Among the most important passages cited by both our authors is one that every reader of Shakespeare will recollect, when it is mentioned to him—Hamlet’s speech over the, skull in the grave-digging scene. But although this speech is remarkable for the number of law terms used in it, only one of them seems to evince any recondite knowledge of the law. This is the word "statutes," in the following sentence:
This fellow might be in’s time a buyer of land, with his statutes, his recognizances, his fines, his double vouchers, his recoveries.
—Act v. Sc.1.
The general reader supposes, we believe, and very naturally, that here "statutes" means laws, Acts of Parliament concerning real estate. But, as Mr. Rushton remarks, (Malone having explained the term before him,) "The statutes referred to by Hamlet are, doubtless, statutes merchant and statutes staple." And "a statute merchant (so called from the 13th Edward I, De mercatoribus) was a bond acknowledged before one of the clerks of the statutes merchant, and the mayor, etc., etc. A statute staple, properly so called, was a bond of record, acknowledged before the mayor of the staple," etc., etc.
Here we again have a law-term apparently so out of the ken of an unprofessional writer, that it would seem to flavor the Attorney and Solicitor theory. But let us see if the knowledge which its use implies was confined to Shakespeare among the dramatists of his time.
In Fletcher’s "Noble Gentleman," a comedy, first performed in 1625, we find a lady, sorely pushed for ready cash, crying out,
Take up at any use: give bond, or land,
Or mighty statutes, able by their strength
To tie up Samson, were he now alive.
—Act i. Sc. 1.
And in Middleton’s Family of Love, (where, by the way, the Free-Love folk of our own day may find their peculiar notions set forth and made the basis of the action, though the play was printed two hundred and fifty years ago) we find a female free-loveyer thus teaching a mercantile brother of the family, that, although she has a sisterly disregard for some worldly restraints, she yet keeps an eye on the main chance:
Tut, you are master Dryfab, the merchant: your skill is greater in cony-skins and woolpacks than in gentlemen. His lands be in statutes: you merchants were wont to be merchant staplers; but now gentlemen have gotten up the trade; for there is not one gentleman amongst twenty but his lands be engaged in twenty statutes staple.
—Act i. Sc. 3.
And in the very first speech of the first scene of the same play, the husband of this virtuous and careful dame says of the same "Gerardine," (who, as he is poor and a gentleman, it need hardly be said, is about the only honest man in the piece,)—"His lands be in statutes." And that poor debauchee, Robert Greene, who  knew no more of law than be might have derived from such limited, though authentic information as to its powers over gentlemen who made debts without the intention of paying them, as he may have received at frequent unsolicited interviews with a sergeant or a bum-bailiff, has this passage in his Quip for an Upstart Courtier, 1592:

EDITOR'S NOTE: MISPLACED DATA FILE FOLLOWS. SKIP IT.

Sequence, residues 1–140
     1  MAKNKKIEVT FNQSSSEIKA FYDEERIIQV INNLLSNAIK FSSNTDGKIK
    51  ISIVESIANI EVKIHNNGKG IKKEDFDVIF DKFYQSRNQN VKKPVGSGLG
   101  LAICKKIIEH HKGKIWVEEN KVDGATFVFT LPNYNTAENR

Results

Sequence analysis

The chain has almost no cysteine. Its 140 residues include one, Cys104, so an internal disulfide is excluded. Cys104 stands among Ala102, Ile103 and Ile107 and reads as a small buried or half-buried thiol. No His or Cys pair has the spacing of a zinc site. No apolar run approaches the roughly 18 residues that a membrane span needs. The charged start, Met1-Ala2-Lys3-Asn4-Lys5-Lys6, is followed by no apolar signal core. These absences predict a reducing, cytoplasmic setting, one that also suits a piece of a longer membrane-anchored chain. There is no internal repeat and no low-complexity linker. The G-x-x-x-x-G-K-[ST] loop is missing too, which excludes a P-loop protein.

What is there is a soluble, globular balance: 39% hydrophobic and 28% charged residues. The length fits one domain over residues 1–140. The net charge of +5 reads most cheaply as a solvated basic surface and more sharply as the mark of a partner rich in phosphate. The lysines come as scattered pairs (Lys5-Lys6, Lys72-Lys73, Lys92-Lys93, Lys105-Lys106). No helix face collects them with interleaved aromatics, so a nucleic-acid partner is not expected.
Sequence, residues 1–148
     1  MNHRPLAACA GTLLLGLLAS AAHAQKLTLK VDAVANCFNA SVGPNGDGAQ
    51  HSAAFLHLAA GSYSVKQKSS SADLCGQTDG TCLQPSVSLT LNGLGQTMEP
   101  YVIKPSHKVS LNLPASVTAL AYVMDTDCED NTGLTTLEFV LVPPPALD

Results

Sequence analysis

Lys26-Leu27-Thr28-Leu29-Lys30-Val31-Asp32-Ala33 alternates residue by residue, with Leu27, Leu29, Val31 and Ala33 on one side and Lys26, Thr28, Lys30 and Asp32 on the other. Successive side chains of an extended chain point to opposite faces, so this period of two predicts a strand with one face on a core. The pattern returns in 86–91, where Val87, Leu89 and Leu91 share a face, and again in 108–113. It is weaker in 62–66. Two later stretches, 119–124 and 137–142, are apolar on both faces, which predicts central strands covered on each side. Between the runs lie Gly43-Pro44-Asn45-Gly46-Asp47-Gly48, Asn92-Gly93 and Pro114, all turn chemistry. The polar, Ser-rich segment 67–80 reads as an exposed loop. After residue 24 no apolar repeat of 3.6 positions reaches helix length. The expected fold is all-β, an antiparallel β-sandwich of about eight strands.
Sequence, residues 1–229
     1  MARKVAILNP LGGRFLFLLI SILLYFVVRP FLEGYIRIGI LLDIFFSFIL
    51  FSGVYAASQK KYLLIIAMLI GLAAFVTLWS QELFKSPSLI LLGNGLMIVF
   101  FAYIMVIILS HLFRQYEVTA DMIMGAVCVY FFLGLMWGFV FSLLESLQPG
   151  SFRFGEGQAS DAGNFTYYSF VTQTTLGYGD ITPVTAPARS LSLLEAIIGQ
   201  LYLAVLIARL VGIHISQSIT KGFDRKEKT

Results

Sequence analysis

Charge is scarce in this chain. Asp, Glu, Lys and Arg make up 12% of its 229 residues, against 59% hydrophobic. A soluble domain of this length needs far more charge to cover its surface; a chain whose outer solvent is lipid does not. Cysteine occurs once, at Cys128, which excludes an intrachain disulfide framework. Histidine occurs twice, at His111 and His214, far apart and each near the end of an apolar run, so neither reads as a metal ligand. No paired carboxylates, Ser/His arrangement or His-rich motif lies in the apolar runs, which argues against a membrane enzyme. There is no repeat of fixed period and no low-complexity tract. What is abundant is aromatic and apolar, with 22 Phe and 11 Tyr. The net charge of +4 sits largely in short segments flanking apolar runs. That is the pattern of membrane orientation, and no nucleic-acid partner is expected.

"The mercer he followeth the young upstart gentleman that bath no government of himself and feedeth his humour to go brave: he shall not want silks, sattins, velvets to pranke abroad in his pompe; but with this proviso, that he must bind over his land in a statute merchant or staple; and so at last forfeit all unto the merciless mercer, and leave himself never a foot of land in England."
Very profound legal studies, therefore, cannot be predicated of Shakespeare on the ground of the knowledge which he has shown of this peculiar kind of statute.
It is not surprising that both our legal Shakespearean commentators cite the following passage from As You Like It in support of their theory; for in it the word "extent" is used in a sense so purely technical, that not one in a thousand of Shakespeare’s lay readers nowadays would understand it without a note:
Duke F. Well, push him out of doors,
And let my officers of such a nature
Make an extent upon his house and lands.
—Act iii. Sc. 1.
"Extent," as Mr. Rushton remarks, is directed to the sheriff to seize and value lands and goods to the utmost extent; "an extendi facias," as Lord Campbell authoritatively says, "applying to the house and lands as a fieri facias would apply to goods and chattels, or a capias ad satisfaciendum to the person." But that John Fletcher knew, as well as my Lord Chief Justice, or Mr. Barrister Rushton, or even, perhaps, William Shakespeare, all the woes that followed an extent, the elder Mr. Weller at least would not have doubted, had he in the course of his literary leisure fallen upon the following passage in Wit Without Money (1630):